Information from the US Department of Transportation on School Bus Safety

Posted: May 09, 2002
Noting that school bus transportation is one of the safest forms of transportation in the United States, the U.S. Department of Transportationís National Highway Traffic Safety Administration (NHTSA) today sent to Congress a new report assessing occupant protection in school buses.  

Every year, the nationís 450,000 public school buses travel more than 4.3 billion miles to transport 23.5 million children to and from school and school-related activities, the agency said.  

In comparison with other forms of transportation, the report shows that students are nearly eight times safer riding in a school bus than in cars. The fatality rate for school buses is 0.2 fatalities per 100 million vehicle miles traveled (VMT) compared to 1.5 fatalities per 100 million VMT for cars.  

This safety record is a result of the Department of Transportationís requirements for compartmentalization on large school buses, and lap belts plus compartmentalization on small school buses. Compartmentalization is the name for the protective envelope created by strong, closely-spaced seats that have energy-absorbing high seat backs that protect occupants in the event of a crash.  

The new NHTSA report concluded that requiring lap belts on large, new school buses would appear to have little, if any, benefit in reducing serious-to-fatal injuries in severe frontal crashes. In rare circumstances, tests indicate that in some severe frontal crashes there may be increased risk of serious neck injuries and possibly abdominal injury among young passengers wearing lap belts.  

In small school buses, any increased risks associated with the use of lap belts are more than offset by preventing ejections. These buses weigh less, have different crash dynamics, and are more prone to rollover than large school buses.  

The use of combination lap/shoulder belts, if used properly, could provide some benefit on both large and small school buses. Lap/shoulder belts can be misused if children put the shoulder portion behind them. NHTSAís testing showed that serious neck injury and perhaps abdominal injury could result when lap/shoulder belts are misused. Assuming 100 percent usage and no misuse, lap/shoulder belts could save one life a year.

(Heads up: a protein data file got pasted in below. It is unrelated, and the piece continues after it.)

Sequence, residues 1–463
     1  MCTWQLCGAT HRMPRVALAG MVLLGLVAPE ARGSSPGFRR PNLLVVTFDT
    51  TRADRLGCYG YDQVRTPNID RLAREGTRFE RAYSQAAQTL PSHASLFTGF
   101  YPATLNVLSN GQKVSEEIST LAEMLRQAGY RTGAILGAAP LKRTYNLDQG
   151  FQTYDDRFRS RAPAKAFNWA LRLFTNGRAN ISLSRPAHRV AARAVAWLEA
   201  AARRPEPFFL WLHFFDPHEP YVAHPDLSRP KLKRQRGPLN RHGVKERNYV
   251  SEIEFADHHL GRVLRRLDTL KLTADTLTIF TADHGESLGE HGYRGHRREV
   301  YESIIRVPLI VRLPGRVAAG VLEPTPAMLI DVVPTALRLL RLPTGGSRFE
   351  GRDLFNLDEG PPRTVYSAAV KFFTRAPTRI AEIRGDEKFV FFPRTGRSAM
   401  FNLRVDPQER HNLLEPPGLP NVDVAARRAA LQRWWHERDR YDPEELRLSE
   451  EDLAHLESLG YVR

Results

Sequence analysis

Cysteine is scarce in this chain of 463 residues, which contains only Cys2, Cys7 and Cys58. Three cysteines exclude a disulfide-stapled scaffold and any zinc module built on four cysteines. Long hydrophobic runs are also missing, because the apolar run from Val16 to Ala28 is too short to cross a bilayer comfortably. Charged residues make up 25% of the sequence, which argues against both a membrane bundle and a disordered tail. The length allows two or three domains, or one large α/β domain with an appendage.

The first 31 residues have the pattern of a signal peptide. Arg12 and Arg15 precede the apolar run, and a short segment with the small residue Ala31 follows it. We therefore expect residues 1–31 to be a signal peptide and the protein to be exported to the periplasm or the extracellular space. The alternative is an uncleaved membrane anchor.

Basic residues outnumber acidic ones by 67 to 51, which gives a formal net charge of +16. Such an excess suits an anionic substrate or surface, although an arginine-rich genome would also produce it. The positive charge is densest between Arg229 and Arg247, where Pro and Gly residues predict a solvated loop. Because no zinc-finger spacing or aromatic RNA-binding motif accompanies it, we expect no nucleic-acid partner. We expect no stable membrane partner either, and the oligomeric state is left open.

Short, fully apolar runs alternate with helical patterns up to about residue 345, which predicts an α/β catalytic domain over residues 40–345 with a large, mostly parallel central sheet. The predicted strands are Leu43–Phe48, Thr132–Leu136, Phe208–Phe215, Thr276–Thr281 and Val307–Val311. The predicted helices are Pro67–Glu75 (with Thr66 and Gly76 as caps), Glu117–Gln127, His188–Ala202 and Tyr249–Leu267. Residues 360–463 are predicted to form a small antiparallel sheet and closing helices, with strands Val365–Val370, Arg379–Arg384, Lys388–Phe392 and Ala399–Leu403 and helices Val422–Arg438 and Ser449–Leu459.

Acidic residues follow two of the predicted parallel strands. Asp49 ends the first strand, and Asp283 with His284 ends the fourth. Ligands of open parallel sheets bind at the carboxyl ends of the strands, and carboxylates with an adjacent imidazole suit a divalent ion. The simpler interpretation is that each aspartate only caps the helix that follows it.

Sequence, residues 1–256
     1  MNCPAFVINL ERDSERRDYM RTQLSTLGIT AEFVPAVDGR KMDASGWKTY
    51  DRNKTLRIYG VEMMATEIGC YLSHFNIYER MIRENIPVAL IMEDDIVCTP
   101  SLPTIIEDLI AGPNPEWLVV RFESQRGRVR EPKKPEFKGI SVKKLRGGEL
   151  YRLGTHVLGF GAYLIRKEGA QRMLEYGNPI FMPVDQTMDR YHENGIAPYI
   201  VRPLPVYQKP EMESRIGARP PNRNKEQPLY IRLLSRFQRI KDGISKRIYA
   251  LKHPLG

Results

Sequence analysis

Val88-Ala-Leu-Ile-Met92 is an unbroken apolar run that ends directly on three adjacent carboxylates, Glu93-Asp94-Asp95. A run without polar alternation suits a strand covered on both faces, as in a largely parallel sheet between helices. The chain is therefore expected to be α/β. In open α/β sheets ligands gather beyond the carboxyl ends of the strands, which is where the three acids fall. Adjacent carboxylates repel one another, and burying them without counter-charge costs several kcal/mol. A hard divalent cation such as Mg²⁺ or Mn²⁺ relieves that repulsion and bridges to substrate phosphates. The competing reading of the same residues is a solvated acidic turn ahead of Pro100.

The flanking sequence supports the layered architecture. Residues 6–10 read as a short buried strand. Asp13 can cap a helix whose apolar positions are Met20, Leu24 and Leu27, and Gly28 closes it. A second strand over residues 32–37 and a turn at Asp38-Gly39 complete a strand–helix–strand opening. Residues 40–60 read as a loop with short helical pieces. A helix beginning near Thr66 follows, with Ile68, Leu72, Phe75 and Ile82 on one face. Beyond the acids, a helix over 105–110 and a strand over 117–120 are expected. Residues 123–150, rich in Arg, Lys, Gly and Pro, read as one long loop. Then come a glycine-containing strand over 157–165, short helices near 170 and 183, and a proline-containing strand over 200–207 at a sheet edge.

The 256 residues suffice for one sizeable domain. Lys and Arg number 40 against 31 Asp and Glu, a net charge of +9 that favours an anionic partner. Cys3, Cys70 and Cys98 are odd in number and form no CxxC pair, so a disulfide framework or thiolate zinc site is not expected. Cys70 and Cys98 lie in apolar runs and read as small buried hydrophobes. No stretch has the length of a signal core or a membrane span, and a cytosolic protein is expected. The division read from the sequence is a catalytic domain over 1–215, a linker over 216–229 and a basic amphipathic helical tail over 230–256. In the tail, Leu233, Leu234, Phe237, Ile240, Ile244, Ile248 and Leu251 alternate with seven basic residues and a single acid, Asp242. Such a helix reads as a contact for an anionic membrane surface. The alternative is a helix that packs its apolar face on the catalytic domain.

Lap/shoulder belts also could reduce school bus capacity by up to 17 percent because of seat redesign, and add between $40 and $50 per seating position to the cost of a new vehicle. The most popular buses carry between 60 and 71 passengers. The total annual cost would be over $100 million.  

Other considerations, such as increased capital costs, reduced seating capacities, and other unintended consequences associated with lap/shoulder belts could result in more children seeking alternative means of traveling to and from school. Given that school buses are the safest way to and from school, even the smallest reduction in the number of bus riders could result in more children being killed or injured when using alternative forms of transportation. In this context, NHTSA recommended that, if states and local school districts decide to require lap/shoulder belts on school buses, they should ensure that no passengers are forced to find alternate means of transportation.  

Some states and local school districts have voluntarily installed lap belts in their large school buses. NHTSA continues to recommend that, if states or local school districts require seat belts on school buses, they should ensure that passengers wear them correctly. States and local school districts considering purchasing seat belts for large school buses should be aware of the results of this new NHTSA research report.  

Over the past 11 years, school buses annually have averaged about 26,000 crashes resulting in 10 deaths Ė 25 percent were drivers; 75 percent were passengers. Frontal crashes account for about two passenger deaths each year.  

Meanwhile, NHTSA is continuing its research program, focusing on side impact protection, working with university-based researchers to further study school bus crashworthiness.  

The four-year research effort by NHTSA has pinpointed other improvements that could be made to improve the safety of school buses. The agency is considering the following changes to existing federal safety regulations:  

  • Increase seat back height from 20 inches to 24 inches to reduce the potential for passenger override in the event of a crash.  

  • Require buses under 10,000 pounds to have lap/shoulder restraints. Currently, passenger seats on these buses must be equipped with lap belts only. The agency also will consider seat redesign so the lap/shoulder belts fit correctly for all passengers aged six through adult.  

    Develop standardized test procedures for voluntarily installed lap/shoulder belts.  

    A copy of the full report can be viewed on the agency web site: http://www-nrd.nhtsa.dot.gov/departments/nrd-11/SchoolBus.html

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